Georgia Residents Favor Eliminating the Peach State’s Income Tax

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For the better part of five years, Georgia lawmakers have been toying with the idea of reducing or eliminating the Peach State’s income tax. While several bills have been proposed by various state legislators in the House and Senate, no step forward has been made to accomplish the goal of lowering the total tax burden on constituents. Since tax reform swept the nation in 2013, there is no better time than now for Georgia to reduce or completely eliminate its income tax.

According to a recent poll published in the Atlanta Business Chronicle, 70 percent of Georgia residents that were surveyed favor the total elimination of the state’s income tax. Another 14 percent of those polled favored reducing the current rate, which sits at 6 percent for those earning over $7,000 per year. When 84 percent of residents are calling for a reduced state income tax rate, the Governor and State Legislature should listen and take note.

Even though Georgia was named the best place for businesses by Site Selection magazine last year, taxpayers still face the second-highest income tax rate in the Southeast region and twentieth-highest rate in the country, which could cause residents to relocate across state lines to the no-income-tax neighboring states of Tennessee and Florida. Another possible destination for Georgia taxpayers is North Carolina, which just passed the largest tax reform measure in the nation in 2013, effectively lowering the state’s top marginal income tax rate of 7.75 percent to 5.75 percent, with more reform still to come from Republican Governor Pat McCrory.

So what would lowering or eliminating the income tax mean for Georgia taxpayers?

For starters, the men and women who work and live in Georgia would see their after-tax earnings increase, meaning more money in their pockets. Secondly, more businesses, corporations, and individuals would relocate to and invest in the Peach State, further stimulating economic growth and creating new jobs. Florida, which doesn’t have a state income tax, saw Hertz – the worldwide leader in the rental car industry – relocate its corporate office to Lee County. Governors, legislators, and corporations around the world took notice of this move and could see more businesses follow suit.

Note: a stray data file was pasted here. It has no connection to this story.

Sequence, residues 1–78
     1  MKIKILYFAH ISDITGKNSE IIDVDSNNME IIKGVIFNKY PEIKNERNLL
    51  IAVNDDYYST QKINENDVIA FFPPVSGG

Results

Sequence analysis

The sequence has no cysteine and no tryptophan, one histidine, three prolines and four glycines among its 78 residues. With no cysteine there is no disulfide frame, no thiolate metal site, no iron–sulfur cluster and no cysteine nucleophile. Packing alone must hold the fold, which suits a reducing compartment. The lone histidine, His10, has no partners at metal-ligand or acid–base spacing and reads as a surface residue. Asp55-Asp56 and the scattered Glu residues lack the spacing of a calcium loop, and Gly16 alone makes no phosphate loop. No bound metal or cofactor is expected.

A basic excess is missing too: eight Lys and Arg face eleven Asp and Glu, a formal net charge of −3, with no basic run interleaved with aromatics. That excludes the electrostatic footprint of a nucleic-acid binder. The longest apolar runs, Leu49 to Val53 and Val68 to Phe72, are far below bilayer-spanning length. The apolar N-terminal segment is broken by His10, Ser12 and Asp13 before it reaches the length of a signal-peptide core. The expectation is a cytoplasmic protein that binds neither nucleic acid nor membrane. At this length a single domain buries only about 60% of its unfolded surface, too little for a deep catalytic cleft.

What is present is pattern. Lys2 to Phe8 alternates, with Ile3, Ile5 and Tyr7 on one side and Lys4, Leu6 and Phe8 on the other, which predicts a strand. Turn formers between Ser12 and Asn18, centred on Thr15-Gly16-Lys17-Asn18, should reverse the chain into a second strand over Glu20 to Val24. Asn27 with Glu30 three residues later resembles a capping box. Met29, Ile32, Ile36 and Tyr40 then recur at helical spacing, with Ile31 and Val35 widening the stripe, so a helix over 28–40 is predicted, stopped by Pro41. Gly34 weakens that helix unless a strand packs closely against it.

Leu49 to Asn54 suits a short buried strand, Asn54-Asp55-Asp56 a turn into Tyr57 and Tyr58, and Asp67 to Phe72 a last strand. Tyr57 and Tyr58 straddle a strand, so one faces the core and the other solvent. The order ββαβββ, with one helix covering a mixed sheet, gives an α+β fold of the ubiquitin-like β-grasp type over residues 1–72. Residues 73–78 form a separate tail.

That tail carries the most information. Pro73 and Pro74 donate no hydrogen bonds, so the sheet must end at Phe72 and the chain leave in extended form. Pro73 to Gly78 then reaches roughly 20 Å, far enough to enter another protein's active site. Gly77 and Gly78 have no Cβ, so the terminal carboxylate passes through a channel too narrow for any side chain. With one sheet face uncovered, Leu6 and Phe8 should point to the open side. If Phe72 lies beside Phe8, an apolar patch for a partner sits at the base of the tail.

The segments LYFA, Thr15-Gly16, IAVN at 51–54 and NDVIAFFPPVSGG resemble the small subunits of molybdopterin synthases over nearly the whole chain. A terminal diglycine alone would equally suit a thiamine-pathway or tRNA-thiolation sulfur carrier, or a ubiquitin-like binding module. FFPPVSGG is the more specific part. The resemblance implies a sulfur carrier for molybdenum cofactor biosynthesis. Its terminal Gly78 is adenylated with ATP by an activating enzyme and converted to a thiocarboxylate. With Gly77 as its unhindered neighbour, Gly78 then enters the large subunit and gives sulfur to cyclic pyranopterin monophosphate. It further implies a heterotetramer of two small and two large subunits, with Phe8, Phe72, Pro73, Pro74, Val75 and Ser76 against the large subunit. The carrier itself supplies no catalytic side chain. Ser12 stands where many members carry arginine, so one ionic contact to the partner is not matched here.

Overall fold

As a native Georgian with family still living in the state, I’ve experienced and still hear about how restrictive a state income tax can be. Rather than being able to choose how much to spend on rent, groceries, clothes, and other basic necessities of everyday life, Georgia makes that decision for its residents by taking money out of paychecks before they are even received by the people who earned it. For those living around Atlanta, Georgia’s largest metropolitan area, the loss of after-tax earnings can be the difference between having a home or apartment in Buckhead or Roswell and having to settle for a place near Turner Field. Even simpler, it’s the difference between being able to feed a family of three and a family of four. Most people would prefer to be able to feed every member of their family.

With a shift towards consumption-based taxation, Georgians will truly be able to pick and choose what they spend their hard-earned money on. Georgia legislators should not allow the opportunity to reduce their constituents’ tax burden to slip by this upcoming legislative session.